Neil Bedi reported on the federal government for ProPublica in Washington, D.C.
Previously, he was a reporter for the Tampa Bay Times in St. Petersburg, Florida, where he worked on stories about patient safety, worker safety, criminal justice, government inaction and more. In 2021, he won the Pulitzer Prize for local reporting with Kathleen McGrory for their investigation into a sheriff's predictive policing initiative that targeted families and profiled schoolchildren. The U.S. Department of Education opened an investigation into the sheriff's use of student data and more than 30 national and state organizations formed a coalition to oppose the initiative.
Bedi and McGrory's 2018 reporting on an alarming death rate at a Johns Hopkins pediatric heart surgery center won the George Polk Award and was a finalist for the Pulitzer Prize for investigative reporting. In response to the stories, the CEO and the chief heart surgeon resigned, and the hospital paid nearly $43 million to families.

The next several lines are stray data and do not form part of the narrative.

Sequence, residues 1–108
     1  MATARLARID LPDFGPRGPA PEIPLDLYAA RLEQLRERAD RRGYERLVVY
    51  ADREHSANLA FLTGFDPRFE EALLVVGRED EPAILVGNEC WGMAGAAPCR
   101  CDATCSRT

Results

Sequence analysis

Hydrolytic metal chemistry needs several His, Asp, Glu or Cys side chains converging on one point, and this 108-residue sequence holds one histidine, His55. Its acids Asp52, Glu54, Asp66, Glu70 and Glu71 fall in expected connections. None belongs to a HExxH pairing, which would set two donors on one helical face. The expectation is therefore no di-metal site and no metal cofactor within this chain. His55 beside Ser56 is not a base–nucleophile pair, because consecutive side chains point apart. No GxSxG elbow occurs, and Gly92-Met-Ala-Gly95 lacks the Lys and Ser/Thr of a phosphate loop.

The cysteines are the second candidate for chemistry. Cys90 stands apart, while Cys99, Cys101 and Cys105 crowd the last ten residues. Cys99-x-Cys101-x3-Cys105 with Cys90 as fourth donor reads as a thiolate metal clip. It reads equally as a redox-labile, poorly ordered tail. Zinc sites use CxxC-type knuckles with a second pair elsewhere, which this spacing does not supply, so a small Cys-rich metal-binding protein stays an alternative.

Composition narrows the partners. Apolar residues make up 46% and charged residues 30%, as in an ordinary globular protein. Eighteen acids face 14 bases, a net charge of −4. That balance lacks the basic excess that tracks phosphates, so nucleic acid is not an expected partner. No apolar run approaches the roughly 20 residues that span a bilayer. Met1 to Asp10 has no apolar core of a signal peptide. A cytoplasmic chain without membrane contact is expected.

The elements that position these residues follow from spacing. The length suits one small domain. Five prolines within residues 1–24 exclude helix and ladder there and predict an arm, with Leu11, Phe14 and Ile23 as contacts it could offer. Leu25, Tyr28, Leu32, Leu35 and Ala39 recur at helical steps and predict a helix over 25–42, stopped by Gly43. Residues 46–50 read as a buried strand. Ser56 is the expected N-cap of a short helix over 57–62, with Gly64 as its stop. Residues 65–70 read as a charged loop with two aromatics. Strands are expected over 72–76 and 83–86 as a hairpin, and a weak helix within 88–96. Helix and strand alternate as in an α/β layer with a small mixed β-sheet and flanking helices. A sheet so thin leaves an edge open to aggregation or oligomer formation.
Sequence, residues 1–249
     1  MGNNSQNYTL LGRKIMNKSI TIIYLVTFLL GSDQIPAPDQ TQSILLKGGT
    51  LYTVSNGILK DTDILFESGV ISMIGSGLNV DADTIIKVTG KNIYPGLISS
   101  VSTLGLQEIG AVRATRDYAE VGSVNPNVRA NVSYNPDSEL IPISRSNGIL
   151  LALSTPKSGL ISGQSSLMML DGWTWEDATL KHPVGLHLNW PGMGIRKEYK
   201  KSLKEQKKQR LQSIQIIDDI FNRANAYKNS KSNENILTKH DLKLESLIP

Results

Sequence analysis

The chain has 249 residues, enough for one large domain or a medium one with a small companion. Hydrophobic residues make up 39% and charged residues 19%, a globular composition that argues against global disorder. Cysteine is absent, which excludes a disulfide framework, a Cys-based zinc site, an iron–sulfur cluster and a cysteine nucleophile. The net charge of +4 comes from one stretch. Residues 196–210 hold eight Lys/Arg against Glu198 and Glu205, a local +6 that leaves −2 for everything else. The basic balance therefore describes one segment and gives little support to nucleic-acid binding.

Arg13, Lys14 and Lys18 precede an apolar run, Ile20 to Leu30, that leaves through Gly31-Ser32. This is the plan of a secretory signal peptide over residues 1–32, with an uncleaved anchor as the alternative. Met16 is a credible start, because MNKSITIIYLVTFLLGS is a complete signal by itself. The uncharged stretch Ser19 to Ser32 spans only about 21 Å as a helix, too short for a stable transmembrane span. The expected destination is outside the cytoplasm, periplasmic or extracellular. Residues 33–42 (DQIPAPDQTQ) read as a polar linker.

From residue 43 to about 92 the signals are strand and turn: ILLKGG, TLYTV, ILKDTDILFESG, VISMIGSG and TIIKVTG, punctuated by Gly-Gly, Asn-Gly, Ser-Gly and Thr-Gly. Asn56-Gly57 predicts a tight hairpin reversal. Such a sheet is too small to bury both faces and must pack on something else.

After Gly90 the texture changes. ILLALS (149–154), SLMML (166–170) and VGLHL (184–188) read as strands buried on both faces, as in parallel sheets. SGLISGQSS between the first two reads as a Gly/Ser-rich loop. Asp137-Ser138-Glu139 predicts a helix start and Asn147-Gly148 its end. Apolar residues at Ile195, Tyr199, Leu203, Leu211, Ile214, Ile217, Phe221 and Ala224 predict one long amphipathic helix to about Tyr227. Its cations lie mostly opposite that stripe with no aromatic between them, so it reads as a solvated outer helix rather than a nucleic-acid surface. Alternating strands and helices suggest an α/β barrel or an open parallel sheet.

Bedi has also been honored as a two-time finalist for the Livingston Award for Young Journalists, and a winner of the Scripps Howard Award, the IRE Award, the Taylor Family Award for Fairness in Journalism and the National Headliner Award for Journalistic Innovation. Before becoming a journalist, Bedi was a software developer. He studied computer science at the University of California, Los Angeles School of Engineering.